Kentucky appears ready to join at least two dozen other states in deregulating its landline telephone services, the beginning of the end for the more than 100- year- old technology that is being pushed out by cellphones and high-speed Internet access.
The state Senate voted 30-3 this week to strip the Public Service Commission of its authority to make telecommunications companies install and maintain landline telephone service. Democratic Gov. Steve Beshear said after the vote he will sign it into law.
The bill only affects areas that have at least 15,000 households, meaning the rural mountainous parts of the state famous for their spotty cellphone coverage would still have access to landlines. And companies could not take away someone’s landline in an urban area unless the Federal Communications Commission approved it.
But the bill allows the larger telecommunications companies — AT&T, Cincinnati Bell and Windstream — to begin scaling back their landline services in favor of other options, including Internet telephone service. Since 2006, at least 26 states have passed laws that either eliminate or limit oversight from public service commissions, according to a 2014 report from Ball State University.
“ Consumers are demanding new technology and this bill will allow that investment,” AT&T of Kentucky President Hood Harris said, adding that an average of 8,000 of AT&T’s Kentucky customers each month drop their landline service.
But opponents note new households and people who move would not be guaranteed a landline. The landline telephone networks are independently powered, meaning they still work even if the power goes out. The Alarm Industry Communications Committee sent a letter to lawmakers last week noting that many newer telephone technologies, including Internet phone service, do not support home-security systems.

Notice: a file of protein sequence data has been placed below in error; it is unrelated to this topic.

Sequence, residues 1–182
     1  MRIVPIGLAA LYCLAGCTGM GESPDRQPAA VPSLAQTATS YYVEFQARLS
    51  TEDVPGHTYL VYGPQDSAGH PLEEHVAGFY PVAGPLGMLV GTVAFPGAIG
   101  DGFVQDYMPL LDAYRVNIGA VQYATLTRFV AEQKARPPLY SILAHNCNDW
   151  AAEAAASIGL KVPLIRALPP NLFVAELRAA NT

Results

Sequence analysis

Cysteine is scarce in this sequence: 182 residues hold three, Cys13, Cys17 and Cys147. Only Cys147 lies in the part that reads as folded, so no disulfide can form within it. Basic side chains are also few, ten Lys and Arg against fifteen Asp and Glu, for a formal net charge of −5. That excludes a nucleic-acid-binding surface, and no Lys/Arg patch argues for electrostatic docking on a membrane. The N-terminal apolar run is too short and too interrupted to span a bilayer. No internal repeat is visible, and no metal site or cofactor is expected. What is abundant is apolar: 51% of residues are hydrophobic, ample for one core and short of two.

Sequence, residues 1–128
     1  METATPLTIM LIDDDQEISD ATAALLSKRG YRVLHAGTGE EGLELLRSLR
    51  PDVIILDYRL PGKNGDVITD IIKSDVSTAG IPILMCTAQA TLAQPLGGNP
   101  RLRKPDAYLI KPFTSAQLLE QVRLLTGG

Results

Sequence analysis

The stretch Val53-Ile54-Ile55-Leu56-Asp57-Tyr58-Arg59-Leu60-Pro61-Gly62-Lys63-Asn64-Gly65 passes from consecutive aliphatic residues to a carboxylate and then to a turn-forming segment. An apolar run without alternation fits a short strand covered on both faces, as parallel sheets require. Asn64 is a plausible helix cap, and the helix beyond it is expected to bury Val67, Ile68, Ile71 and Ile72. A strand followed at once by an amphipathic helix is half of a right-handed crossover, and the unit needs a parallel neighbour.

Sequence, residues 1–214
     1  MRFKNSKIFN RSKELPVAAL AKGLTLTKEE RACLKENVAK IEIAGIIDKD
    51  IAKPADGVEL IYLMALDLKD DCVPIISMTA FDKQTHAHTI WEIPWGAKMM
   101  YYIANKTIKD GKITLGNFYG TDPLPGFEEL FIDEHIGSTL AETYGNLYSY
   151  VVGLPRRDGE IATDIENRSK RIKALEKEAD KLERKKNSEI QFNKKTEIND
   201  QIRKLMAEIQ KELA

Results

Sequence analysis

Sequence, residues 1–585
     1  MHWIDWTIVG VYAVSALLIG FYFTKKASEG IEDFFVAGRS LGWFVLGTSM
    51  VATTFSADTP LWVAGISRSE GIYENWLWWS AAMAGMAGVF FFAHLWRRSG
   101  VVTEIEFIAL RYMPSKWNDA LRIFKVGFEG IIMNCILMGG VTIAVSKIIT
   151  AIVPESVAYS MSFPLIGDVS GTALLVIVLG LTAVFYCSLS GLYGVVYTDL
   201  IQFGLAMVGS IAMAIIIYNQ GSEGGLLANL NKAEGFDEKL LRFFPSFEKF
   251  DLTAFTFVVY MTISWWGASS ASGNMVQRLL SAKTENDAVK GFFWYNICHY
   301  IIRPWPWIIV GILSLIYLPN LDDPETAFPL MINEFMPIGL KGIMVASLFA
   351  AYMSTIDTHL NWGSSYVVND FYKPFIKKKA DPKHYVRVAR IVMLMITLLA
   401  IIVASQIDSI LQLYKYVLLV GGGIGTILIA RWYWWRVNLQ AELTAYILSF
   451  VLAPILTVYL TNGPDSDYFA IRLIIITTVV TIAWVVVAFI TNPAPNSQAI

Tom FitzGerald, the executive director of the Kentucky Resources Council, added that the terms of service for AT&T’s U-verse system specifically note that “uninterrupted, timely, secure, error free” access to 911 is not guaranteed. He said that after Virginia deregulated its landline service, a major windstorm resulted in “systemic failures” in 911 service, according to the Federal Communications Commission.
“To deprive customers of the right to continue to receive phone service over independently powered landlines that provide an essential lifeline in cases of emergencies and power interruption is nothing short of dangerous,” FitzGerald said.
But At& T said by not spending money on a service that is increasingly less popular, it can spend more money on the high-speed Internet connections that state officials covet. Kentucky ranks near the bottom in access to high-speed Internet connections, including patches of sparsely populated eastern Kentucky whose mountains make it difficult to install fiber-optic cables.
Beshear and U.S. Rep. Hal Rogers see broadband Internet access as the key to ending the region’s dependence on the declining coal industry. Last year, the state signed a contract with an Australian-based company to lay 3,000 miles of fiber-optic cable at a cost of between $250 million and $350 million.